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Building an audio phase adjuster to adjust a range of signals

  1. Oct 18, 2007 #1
    My colleagues and I are building a phase adjuster for LFN (Low Frequency Noise) audio signals. Since we would like to be able to adjust a range of signals that encompasses a range of around 50-400 Hz, an op amp-driven, analog solution would not be economical, nor efficient. Since we need to be able to adjust a range of frequencies, we are looking at a digitally converted solution utilizing potentiometers. If a digital device is not feasible, can anyone describe how to construct an analog solution for real-time phase adjustment?

    Has anyone had any experience in this area?
    Does anyone know of any resources one can use to construct the aforementioned device?

    Thanks in advance.
  2. jcsd
  3. Oct 21, 2007 #2
    Sounds like you need a Digital Signal Processor to apply a complex Finite Impulse Response (FIR) filter to your sound. The taps of the FIR would be calculated by Fast Fourier Transform applied to the desired response, i.e. the gain and phase desired for each frequency in your range. The sampling rate of your system governs the number of amplitude/phase bins that will fall within the desired range of frequencies. An apodizing function must be applied to the desired response vector before applying the FFT. This is required to control undesired energy.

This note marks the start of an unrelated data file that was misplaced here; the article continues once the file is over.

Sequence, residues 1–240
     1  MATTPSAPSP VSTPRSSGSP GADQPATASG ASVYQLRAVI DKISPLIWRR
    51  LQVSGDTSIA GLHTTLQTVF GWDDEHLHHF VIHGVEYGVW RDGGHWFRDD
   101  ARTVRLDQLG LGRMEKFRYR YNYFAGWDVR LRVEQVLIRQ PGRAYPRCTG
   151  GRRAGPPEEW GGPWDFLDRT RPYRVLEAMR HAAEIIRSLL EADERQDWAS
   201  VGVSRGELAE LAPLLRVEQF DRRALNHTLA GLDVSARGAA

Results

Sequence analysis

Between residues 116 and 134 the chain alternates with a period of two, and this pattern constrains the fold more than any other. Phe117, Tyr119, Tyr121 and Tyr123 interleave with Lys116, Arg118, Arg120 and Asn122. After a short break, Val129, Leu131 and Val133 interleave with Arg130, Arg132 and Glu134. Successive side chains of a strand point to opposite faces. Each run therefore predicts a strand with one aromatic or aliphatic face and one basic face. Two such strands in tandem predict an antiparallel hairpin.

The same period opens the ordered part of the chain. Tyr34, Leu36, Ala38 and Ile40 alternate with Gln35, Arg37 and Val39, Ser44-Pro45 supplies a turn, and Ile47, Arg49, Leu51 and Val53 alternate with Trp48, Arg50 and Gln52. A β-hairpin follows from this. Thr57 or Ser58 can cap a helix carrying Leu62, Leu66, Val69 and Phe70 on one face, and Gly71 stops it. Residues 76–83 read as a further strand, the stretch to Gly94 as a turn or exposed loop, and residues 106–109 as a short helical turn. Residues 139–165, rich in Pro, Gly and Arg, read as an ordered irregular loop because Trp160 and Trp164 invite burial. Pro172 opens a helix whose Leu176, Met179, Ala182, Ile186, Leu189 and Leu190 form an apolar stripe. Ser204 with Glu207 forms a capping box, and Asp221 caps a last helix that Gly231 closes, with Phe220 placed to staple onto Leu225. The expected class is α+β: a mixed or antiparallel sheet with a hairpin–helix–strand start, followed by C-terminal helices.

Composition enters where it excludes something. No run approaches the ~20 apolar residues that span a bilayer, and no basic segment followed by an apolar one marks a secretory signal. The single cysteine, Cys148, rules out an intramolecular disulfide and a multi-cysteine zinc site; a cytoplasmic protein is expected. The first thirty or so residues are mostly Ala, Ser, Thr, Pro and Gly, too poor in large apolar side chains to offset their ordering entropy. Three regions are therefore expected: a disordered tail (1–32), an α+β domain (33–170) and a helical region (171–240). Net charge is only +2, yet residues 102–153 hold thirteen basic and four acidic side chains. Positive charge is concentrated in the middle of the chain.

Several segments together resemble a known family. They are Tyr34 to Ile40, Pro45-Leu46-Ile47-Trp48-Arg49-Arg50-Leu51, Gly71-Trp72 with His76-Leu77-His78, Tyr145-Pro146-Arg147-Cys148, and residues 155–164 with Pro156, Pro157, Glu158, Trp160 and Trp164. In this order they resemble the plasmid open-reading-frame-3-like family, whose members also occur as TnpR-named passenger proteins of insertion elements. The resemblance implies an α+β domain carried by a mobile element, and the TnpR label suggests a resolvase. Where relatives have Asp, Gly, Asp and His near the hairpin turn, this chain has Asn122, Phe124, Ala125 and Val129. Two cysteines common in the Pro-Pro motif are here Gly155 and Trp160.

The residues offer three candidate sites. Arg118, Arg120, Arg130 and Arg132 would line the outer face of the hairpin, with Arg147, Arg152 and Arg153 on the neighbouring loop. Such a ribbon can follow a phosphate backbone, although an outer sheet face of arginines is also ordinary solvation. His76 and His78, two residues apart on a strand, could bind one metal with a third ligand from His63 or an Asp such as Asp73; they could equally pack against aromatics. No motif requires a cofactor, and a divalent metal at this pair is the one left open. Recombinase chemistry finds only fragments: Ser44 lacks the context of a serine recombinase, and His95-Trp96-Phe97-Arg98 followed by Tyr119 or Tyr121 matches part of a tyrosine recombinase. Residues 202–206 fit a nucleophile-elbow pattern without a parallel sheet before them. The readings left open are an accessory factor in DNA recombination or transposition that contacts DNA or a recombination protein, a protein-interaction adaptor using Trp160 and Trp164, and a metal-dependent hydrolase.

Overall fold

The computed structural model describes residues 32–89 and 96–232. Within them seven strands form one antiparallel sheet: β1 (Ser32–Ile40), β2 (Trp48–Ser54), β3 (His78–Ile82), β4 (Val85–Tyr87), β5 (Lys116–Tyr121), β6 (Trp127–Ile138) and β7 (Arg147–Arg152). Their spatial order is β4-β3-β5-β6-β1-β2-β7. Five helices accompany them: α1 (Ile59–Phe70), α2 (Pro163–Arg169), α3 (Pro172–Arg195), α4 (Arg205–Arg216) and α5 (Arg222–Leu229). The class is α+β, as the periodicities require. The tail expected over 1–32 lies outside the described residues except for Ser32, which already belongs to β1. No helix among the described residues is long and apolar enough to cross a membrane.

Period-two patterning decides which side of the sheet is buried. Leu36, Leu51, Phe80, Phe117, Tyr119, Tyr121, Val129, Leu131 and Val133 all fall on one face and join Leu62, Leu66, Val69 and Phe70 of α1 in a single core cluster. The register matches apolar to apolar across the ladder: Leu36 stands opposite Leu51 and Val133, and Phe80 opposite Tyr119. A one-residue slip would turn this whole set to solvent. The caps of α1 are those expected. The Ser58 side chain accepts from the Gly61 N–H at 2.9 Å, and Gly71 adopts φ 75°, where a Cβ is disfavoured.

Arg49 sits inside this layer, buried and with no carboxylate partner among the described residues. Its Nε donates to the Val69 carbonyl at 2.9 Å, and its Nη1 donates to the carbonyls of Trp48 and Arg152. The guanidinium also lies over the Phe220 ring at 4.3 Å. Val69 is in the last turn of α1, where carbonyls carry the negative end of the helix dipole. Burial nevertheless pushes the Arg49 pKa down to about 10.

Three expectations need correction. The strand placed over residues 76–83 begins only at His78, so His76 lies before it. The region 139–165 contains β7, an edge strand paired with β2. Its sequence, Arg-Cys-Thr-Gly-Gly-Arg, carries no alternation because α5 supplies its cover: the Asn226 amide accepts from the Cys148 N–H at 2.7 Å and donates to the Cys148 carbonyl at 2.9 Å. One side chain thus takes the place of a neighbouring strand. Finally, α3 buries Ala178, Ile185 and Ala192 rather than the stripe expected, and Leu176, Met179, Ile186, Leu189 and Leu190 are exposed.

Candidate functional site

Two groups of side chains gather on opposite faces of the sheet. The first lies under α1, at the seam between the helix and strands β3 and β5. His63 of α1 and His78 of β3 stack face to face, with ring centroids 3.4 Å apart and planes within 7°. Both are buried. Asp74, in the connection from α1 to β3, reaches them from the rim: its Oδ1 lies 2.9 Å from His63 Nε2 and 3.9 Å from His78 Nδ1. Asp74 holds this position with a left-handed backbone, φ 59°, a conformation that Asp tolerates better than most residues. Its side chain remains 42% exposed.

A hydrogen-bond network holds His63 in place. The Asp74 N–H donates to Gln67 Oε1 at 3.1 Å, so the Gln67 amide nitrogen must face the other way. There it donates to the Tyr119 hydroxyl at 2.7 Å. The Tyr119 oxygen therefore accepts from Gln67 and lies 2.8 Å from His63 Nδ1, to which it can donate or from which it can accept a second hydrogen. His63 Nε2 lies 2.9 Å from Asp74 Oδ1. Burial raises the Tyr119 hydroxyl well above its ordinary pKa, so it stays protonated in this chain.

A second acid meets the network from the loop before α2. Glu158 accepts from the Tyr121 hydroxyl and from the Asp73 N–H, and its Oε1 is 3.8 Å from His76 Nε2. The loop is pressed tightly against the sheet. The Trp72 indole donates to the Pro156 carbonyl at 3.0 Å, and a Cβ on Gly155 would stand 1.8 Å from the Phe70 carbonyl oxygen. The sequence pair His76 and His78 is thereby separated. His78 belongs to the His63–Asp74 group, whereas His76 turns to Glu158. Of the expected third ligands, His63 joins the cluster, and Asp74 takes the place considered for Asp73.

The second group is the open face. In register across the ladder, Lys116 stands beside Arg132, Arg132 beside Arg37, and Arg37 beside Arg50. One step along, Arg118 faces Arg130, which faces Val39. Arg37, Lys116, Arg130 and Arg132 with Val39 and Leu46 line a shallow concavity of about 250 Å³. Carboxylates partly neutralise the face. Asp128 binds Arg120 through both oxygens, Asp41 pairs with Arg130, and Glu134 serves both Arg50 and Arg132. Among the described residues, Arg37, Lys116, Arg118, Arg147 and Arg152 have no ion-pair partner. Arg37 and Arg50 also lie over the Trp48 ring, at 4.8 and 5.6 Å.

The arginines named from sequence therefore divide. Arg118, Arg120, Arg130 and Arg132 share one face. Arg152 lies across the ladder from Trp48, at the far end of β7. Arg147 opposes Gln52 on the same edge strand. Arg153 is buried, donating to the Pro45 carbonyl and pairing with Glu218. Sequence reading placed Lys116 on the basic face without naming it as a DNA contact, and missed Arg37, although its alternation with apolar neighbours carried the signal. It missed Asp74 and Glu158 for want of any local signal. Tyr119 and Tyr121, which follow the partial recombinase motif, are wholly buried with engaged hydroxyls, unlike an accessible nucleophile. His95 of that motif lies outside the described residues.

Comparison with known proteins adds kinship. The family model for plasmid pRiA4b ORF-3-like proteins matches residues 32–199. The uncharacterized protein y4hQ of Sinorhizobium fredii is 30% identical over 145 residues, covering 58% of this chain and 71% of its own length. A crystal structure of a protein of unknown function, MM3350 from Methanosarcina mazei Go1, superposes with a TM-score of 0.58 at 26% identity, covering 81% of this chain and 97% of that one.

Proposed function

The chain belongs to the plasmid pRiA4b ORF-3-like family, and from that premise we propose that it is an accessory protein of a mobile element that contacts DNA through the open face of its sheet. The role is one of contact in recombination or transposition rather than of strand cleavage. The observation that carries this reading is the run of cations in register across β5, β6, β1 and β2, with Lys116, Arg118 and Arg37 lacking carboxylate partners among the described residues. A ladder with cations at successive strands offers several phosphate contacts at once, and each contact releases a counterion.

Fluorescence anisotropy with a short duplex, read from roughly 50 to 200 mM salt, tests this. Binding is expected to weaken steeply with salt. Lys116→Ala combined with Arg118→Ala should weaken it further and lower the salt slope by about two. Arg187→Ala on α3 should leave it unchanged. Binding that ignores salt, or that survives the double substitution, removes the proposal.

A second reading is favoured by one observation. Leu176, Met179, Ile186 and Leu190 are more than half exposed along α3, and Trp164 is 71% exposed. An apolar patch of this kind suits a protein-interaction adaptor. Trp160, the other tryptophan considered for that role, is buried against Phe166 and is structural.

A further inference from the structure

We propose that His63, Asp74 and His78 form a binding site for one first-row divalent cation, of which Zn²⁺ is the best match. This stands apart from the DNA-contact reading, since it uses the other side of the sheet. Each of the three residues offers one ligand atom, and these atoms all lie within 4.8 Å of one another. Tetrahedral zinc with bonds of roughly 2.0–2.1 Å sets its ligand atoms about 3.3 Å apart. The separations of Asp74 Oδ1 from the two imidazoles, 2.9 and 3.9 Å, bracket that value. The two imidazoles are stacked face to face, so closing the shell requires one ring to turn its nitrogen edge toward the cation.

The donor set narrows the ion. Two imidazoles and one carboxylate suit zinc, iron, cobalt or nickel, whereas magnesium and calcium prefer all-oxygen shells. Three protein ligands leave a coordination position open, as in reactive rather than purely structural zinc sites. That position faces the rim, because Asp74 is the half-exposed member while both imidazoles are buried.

Your system must also have an analog input and output with appropriate (analog) anti-aliasing filters to reject products between the sample frequency and the signals being processed. Some mechanism must be provided to control the desired response vector from the controlling source (humans?).
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